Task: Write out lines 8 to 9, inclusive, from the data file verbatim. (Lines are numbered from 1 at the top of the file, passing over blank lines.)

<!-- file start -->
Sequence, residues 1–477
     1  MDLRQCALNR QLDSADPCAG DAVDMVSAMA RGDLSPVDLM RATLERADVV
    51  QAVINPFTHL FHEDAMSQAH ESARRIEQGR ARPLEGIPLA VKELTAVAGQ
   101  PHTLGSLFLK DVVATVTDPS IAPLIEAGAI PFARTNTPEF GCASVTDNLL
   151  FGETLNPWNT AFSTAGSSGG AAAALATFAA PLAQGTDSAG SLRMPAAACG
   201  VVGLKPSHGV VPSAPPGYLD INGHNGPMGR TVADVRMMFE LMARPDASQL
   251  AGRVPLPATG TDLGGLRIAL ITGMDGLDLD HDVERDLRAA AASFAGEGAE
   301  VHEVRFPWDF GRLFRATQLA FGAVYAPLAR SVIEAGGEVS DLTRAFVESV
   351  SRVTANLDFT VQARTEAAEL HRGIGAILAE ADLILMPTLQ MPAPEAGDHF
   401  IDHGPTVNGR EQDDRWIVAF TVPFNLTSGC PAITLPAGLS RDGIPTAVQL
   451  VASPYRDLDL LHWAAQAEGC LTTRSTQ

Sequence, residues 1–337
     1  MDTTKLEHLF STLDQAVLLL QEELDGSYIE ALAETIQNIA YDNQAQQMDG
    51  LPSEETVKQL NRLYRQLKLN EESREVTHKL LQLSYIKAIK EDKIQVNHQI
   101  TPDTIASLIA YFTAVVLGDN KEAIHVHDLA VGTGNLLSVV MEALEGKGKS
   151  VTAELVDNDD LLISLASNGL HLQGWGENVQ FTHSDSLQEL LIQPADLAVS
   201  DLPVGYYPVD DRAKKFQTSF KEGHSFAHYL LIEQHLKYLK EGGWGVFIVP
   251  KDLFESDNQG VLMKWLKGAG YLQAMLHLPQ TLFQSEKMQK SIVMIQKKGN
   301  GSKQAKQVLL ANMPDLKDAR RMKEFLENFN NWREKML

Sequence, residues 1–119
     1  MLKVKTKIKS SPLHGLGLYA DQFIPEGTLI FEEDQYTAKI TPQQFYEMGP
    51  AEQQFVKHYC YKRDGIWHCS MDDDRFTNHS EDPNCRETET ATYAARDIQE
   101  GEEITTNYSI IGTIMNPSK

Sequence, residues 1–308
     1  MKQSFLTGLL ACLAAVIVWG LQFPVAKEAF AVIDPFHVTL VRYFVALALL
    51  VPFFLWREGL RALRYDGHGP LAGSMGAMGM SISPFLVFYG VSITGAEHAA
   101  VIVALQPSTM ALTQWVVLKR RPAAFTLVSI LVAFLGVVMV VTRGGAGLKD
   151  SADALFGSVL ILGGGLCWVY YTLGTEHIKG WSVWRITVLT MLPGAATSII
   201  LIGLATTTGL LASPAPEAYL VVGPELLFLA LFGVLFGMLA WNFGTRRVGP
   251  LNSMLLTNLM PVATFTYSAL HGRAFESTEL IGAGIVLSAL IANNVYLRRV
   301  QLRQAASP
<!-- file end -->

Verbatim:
   301  VHEVRFPWDF GRLFRATQLA FGAVYAPLAR SVIEAGGEVS DLTRAFVESV
   351  SRVTANLDFT VQARTEAAEL HRGIGAILAE ADLILMPTLQ MPAPEAGDHF